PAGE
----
Kabul [Afghanistan], June 12 (TN): An annual report by the United Nations Analytical Support and Sanctions Monitoring Team for the UN Security Council Committee has criticized what it considers the return of Taliban to “exclusionary” policies of the late 1990s, Afghanistan-based TOLO News reported.
According to the report, the threat of terrorism is growing in Afghanistan. It said that there are “indications that Al-Qaida is rebuilding operational capability.” The report said that the Taliban under the leadership of Hibatullah Akhundzada has “reverted to the exclusionary, Pashtun-centred, autocratic policies of the Taliban administration of the late 1990s.”
According to the report, the operations of Daesh’s Khorasan branch have started becoming more sophisticated and lethal in Afghanistan after August 2022. The UNSC report stated that the Taliban “have not delivered on the counter-terrorism provisions under the Agreement for Bringing Peace to Afghanistan between the United States of America and the Taliban,” TOLO News reported.
The report noted that the link between the Taliban and both Al-Qaida and Tehreek-e-Taliban Pakistan (TTP) remains “strong and symbiotic.” The report reads, “A range of terrorist groups have greater freedom of maneuver under the Taliban’s de facto authorities. They are making good use of this, and the threat of terrorism is rising in both Afghanistan and the region.”
Torek Farhadi, a political affairs analyst, said that national discourse is necessary for various political groups to come together and find a solution for the future of Afghanistan and stressed that “otherwise, monopoly of power will remain,” TOLO News reported.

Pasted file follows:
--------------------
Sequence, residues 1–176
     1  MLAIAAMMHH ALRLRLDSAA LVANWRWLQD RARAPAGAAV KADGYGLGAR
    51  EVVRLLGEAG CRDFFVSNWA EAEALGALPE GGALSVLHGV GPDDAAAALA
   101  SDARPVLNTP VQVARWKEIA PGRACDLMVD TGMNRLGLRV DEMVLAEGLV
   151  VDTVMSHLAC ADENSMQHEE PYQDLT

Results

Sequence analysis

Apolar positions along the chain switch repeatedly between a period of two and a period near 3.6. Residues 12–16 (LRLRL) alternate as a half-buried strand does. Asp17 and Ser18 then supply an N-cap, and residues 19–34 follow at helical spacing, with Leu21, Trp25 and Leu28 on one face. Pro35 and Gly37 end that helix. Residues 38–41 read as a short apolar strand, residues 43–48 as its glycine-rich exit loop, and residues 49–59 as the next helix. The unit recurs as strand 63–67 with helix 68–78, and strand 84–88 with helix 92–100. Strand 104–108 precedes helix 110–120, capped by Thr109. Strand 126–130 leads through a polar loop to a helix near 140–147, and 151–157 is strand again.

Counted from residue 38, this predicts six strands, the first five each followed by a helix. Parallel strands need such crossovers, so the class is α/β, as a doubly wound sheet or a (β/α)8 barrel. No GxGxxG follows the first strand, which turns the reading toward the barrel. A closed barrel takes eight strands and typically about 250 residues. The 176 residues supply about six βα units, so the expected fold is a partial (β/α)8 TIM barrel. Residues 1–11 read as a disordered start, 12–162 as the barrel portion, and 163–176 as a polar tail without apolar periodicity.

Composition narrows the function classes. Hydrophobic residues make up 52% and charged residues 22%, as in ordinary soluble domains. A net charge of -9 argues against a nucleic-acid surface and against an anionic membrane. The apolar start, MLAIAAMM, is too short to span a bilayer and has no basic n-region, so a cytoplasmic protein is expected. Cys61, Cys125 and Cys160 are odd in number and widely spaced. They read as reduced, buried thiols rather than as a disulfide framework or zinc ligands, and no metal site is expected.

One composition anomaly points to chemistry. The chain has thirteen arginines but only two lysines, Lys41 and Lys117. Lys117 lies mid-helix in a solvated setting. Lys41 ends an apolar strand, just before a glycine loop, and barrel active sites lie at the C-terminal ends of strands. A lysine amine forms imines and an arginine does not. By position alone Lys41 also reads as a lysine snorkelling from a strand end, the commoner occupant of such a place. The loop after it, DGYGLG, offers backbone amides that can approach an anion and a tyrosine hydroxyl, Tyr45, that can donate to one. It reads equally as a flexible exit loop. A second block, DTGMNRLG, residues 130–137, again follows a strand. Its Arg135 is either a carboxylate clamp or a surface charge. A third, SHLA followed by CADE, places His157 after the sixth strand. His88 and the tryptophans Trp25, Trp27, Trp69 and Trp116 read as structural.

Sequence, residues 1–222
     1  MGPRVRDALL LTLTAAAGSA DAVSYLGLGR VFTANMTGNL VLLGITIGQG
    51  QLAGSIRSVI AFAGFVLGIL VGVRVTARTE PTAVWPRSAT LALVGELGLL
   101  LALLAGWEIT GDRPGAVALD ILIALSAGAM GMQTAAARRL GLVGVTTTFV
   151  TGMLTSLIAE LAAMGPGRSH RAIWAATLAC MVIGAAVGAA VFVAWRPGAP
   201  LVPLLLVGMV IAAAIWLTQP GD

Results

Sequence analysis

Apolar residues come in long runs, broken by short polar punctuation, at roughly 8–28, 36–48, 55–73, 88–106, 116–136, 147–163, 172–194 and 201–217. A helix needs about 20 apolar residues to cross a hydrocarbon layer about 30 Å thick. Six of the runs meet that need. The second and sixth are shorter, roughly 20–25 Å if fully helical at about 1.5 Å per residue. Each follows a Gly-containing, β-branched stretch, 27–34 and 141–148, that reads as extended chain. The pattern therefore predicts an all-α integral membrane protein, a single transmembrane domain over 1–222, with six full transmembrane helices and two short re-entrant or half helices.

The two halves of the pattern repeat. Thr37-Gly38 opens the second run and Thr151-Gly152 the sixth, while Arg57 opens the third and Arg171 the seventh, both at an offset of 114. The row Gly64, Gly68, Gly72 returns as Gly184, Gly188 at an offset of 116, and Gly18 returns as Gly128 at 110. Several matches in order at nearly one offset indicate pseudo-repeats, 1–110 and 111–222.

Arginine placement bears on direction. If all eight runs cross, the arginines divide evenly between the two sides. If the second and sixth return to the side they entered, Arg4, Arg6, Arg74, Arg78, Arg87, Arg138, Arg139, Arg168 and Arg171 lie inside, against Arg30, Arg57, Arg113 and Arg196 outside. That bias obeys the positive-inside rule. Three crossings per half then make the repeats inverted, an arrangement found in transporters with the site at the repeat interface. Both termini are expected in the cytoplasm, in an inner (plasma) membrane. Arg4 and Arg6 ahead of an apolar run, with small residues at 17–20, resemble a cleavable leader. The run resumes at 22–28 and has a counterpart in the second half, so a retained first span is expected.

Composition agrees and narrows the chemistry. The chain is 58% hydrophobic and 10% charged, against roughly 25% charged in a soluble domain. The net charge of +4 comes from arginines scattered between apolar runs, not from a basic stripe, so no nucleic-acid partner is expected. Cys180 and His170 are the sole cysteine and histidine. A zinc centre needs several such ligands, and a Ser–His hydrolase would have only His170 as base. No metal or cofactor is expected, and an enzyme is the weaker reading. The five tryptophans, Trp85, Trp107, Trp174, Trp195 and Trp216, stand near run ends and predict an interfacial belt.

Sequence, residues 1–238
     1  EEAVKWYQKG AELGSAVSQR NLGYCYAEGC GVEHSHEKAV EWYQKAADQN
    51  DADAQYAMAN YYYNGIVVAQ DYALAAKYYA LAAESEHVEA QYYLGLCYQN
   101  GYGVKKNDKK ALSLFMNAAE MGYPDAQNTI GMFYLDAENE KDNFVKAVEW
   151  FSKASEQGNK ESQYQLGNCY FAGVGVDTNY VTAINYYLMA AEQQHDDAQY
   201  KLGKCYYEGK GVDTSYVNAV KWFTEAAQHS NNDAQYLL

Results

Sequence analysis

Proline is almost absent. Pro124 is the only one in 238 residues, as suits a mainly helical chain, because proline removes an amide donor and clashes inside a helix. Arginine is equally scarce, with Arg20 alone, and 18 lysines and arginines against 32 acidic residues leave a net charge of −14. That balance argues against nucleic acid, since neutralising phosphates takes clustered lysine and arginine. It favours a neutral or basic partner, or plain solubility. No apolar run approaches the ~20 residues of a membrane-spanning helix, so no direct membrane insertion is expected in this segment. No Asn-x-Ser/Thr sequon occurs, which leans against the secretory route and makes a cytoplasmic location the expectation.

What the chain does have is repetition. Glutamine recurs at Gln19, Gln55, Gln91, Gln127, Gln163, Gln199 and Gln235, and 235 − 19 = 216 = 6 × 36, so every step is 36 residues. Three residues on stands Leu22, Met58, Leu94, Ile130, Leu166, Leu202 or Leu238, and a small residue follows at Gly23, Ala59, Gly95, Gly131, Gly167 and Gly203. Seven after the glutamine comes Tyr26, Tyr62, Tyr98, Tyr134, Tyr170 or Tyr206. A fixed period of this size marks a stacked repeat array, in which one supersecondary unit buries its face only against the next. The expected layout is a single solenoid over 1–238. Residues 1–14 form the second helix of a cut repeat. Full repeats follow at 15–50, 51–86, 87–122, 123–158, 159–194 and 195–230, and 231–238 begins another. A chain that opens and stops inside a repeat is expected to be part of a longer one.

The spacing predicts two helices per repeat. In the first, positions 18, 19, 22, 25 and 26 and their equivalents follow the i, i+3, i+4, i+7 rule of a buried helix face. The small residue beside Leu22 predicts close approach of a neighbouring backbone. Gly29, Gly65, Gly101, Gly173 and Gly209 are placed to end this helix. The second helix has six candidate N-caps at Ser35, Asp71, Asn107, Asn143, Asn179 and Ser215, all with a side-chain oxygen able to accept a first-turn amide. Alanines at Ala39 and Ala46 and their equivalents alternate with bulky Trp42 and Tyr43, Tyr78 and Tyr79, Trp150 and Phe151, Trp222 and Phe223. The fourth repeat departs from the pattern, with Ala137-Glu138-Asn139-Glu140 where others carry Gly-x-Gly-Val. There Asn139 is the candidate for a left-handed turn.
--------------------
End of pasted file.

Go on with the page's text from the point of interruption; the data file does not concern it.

Meanwhile, Suhail Shaheen, the head of the Taliban’s political office in Doha, said that the UNSC report is away from the truth. Shaheen emphasised that no threat has been posed to any country from Afghanistan and that it will not happen in the future. Shaheen stressed that the decisions regarding Afghanistan should not be taken on the basis of the reports of some biased media.
Shaheen said, “We have always said that decisions and judgments about Afghanistan should not be based on the reports of some biased media in the world, but the reports about Afghanistan should be based on the ground realities and they should be corrected,” as per the TOLO News report.
Mohammad Hassan Haqyar, a political affairs analyst, said that the Doha agreement was first violated by the US and later Taliban was not very committed to it. Haqyar noted that the Taliban has some flaws, however, the international community was not committed regarding Afghanistan as it ought to have been.
Earlier this month, US Special Envoy for Afghan Women, girls and human rights Rina Amiri said more than 2.5 million girls have been deprived of education in Afghanistan, Afghanistan-based Khaama Press reported.
The US Special envoy raised her concerns at the Human Rights Council meeting. She stressed that there is an urgent need for girls’ education in Afghanistan, according to Khaama Press. Amiri said, “Every single girl deserves to access quality education.” (TN)